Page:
Colombia’s state-controlled oil company Ecopetrol could raise nearly $3 billion with an expected share sale starting later this month, analysts surveyed by Reuters said on Thursday.
The offering would be the largest issuance in the market of Latin America’s No. 4 oil producer this year, although foreign investors will not be allowed to participate. The sale is due to run between July 27 and August 17.
The company is authorized to sell shares that would represent a 9.9 percent interest, and analysts expect Ecopetrol to issue about a third of that amount, according to a Reuters poll of 10 local brokerages.
Estimates for the offering ranged from $1.71 billion to $5.69 billion, with a median of $2.84 billion and an average of nearly $3 billion, the survey showed. Prices were estimated between $1.90 and $2.10 per share, with an average of $2.00.
Colombia’s largest oil producer sold shares representing a 10.1 percent interest in 2007 and is authorized by the country to sell a total of a 20 percent interest. The 2007 offering raised $3.24 billion and priced at about 80 cents at the current exchange rate.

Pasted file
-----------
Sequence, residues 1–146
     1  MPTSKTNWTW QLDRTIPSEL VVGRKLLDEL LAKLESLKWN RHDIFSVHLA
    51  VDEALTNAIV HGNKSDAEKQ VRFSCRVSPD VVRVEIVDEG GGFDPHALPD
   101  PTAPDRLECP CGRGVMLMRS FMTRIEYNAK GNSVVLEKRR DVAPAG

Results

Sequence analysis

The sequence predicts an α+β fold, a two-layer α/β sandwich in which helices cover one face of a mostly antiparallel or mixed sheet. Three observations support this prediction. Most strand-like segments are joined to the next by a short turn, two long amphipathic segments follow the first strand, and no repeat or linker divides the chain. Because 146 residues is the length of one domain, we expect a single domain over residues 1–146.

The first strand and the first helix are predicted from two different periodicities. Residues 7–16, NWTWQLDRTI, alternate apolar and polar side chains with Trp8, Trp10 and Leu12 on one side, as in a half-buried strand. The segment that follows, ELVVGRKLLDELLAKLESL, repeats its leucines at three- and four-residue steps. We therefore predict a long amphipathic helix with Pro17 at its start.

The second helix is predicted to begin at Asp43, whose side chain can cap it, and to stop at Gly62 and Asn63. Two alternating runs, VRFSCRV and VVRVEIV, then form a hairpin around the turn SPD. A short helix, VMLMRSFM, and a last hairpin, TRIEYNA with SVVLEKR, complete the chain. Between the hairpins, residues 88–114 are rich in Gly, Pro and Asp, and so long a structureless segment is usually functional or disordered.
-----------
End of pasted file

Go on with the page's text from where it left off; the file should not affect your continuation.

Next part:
On Thursday, local shares were trading 1.2 percent lower, due in part to portfolio liquidations ahead of the offering, which is expected to price at a discount, experts said.
“It is understandable that investors anticipate and act accordingly, but the stock is sharply undervalued with respect to our estimates,” said Juan David Pineros, an analyst at brokerage Interbolsa, which has a “buy” rating on the stock, with a price target of 4,670 pesos ($2.65) for year-end 2011.
The big question hanging over the offer is how many shares Ecopetrol will offer. The company’s board meets on July 22 to decide on the details of the issue, which still needs regulatory approval.
Analysts say market conditions may not be the best for a large issuance, amid expectations of other big offerings from local firms during the third and fourth quarters.
The market’s big investors — pension funds — are already heavily invested in Ecopetrol’s stock and bonds, nearing the participation limits imposed by regulators, experts say.
Still, brokers said the sale could see strong demand from retail investors, just as in 2007, when lines were seen stretching until midnight during the last day of the offering in front of brokerage offices and even some supermarkets.
“I don’t think they will offer the whole amount because it is too large. It could reach $8 billion; it would be the largest ever; and I don’t think there’s enough liquidity to absorb that,” a Bogota-based analyst said.